This past weekend, I had the occasion to take a trip to Atlanta, and I spent a day hanging out with one of my old college roommates. I hadn't seen him in a few years, mostly because out of the rest of our "crew" from those days, no one else still talks to him, and so it is hard for me to integrate him into other trips I've made to Atlanta. He's something of a character - charisma in spades, questionable morals (at least until you find out what his philosophy of life is), smart but not genius smart. I've never had too many problems with him, as long as I didn't personally get mixed up in his schemes, but many others have decided they couldn't deal.
Of course, a lot of these judgments are based on incidents that happened as far back as 1992. I like to think I've grown and matured a lot since college, and I try to give others the same consideration. Who here has not done at least a few silly, childish, or slightly immoral things while in college? And if you're raising your hand, I would wager you missed out on a sizable portion of the actual learning experience in college.
Anyway, my friend gave me some things to think about. We caught up on where we each are in our respective lives. He's always been maverick enough not to work for someone else, and he's been involved in putting together a local TV show down there, having a part-ownership share in a nightclub, and other random entrepreneurial activities. He is not yet rich, nor as famous as he wants to be, but out of all my friends with spoken ambitions, he probably puts forward the most effort on a daily basis towards achieving these ends, whatever that requires.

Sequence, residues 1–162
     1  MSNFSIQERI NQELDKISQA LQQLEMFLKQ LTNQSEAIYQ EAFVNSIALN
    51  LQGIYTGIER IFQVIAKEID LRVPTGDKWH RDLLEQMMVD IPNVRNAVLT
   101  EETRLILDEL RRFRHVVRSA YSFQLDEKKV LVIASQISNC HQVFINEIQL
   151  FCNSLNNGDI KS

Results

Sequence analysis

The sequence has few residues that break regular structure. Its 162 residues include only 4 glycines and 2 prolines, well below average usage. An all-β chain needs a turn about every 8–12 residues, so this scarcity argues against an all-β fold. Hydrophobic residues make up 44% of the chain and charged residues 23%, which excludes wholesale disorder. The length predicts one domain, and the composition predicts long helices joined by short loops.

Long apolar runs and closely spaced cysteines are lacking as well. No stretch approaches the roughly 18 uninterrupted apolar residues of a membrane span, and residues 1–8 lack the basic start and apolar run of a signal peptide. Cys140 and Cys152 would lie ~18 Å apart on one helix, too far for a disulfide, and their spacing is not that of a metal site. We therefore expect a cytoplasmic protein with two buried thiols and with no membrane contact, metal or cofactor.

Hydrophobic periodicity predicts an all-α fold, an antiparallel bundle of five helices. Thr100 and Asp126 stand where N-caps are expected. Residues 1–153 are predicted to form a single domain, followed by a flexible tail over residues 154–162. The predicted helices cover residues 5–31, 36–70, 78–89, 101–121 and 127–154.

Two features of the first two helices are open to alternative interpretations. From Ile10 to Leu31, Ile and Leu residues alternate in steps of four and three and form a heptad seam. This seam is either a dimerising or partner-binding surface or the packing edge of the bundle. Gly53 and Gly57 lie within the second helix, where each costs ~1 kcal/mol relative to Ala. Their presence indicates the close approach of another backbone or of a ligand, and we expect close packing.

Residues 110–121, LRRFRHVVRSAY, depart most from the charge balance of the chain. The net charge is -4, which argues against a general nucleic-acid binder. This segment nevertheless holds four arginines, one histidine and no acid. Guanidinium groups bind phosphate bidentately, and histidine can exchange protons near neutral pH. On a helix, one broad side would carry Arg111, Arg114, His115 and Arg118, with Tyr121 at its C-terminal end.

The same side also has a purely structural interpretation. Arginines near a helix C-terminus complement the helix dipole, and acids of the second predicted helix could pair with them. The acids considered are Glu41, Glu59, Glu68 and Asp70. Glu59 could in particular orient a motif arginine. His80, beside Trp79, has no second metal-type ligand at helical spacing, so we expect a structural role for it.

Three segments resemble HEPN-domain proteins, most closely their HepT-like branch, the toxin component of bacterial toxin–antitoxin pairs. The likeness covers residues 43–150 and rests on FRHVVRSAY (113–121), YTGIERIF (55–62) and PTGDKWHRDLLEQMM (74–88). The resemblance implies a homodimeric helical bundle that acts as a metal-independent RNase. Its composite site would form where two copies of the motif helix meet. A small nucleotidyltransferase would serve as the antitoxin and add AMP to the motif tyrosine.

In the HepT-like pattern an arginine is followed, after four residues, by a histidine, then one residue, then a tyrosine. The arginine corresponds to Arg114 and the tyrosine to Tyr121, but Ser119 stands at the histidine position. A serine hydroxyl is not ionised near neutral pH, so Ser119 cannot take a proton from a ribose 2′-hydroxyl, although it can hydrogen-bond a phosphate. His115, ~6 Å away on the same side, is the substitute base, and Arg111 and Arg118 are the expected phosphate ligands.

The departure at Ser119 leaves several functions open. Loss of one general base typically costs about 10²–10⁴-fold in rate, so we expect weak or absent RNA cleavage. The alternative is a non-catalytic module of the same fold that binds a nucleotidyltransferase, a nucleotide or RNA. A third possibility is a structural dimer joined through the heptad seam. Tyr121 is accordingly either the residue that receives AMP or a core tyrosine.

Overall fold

On Sunday, that required tearing down drywall, closet and wall framing and ceiling materials in a commercial property that he's gutting and remodeling to turn into a tv studio. I helped out for a while, pulling and whacking away with a crowbar, an 8 lb. sledgehammer, an axe and (later, when we got a little smarter) a circular saw. He gets a kick out of telling women he workss in "construction", although that's only been for two weeks, and maybe will last two weeks more. For what it's worth, the young women we met outside Gladys & Ron's Chicken & Waffles thought he looked more like a poet. But they also thought I looked like an accountant (while wearing jeans and a sweatshirt), so maybe their judgment wasn't so good.
We also talked about the steady trickle of some of our friends out to the suburbs, to McMansions, to picket fences and dogs and babies and 401Ks and climbing the management chain at Fortune 500s and a comfortable if boring life. His take on it? They have slowly given up on their dreams, one by one, dream by dream, and accepted comfort and mediocrity and boredom.
So I had to think about that. Of course, not every has the same dreams. For example, we talked about another of our friends, who was among the first of us to plunge headlong into marriage, fatherhood, and suburban life. He's always been that kind of guy, and so by the yardstick in his world, he is fulfilling his dreams, and that works for him. I've never really been in that mold, and so while I watch them go down that path, part of me wonders if I am missing out, and part of me recoils in revulsion. While I certainly don't have the same exact desire as my friend to be rich and famous, I certainly don't want to struggle, or depend on anyone else for my livelihood... and that includes the Social Security Administration, Wall Street, an employer.
I have recently been developing a business idea, and trying to think how I can make my current employer my last employer... that is to say, to work for myself thereafter. Of course, any business will have clients and customers, to whom it still must answer, but that is infinitely preferable to just collecting a W-2 salary for the rest of my life. There is great risk involved, and great reward. I can't yet say I am ready to make the leap. But my resolve and certainty in choosing this path is greater than it was.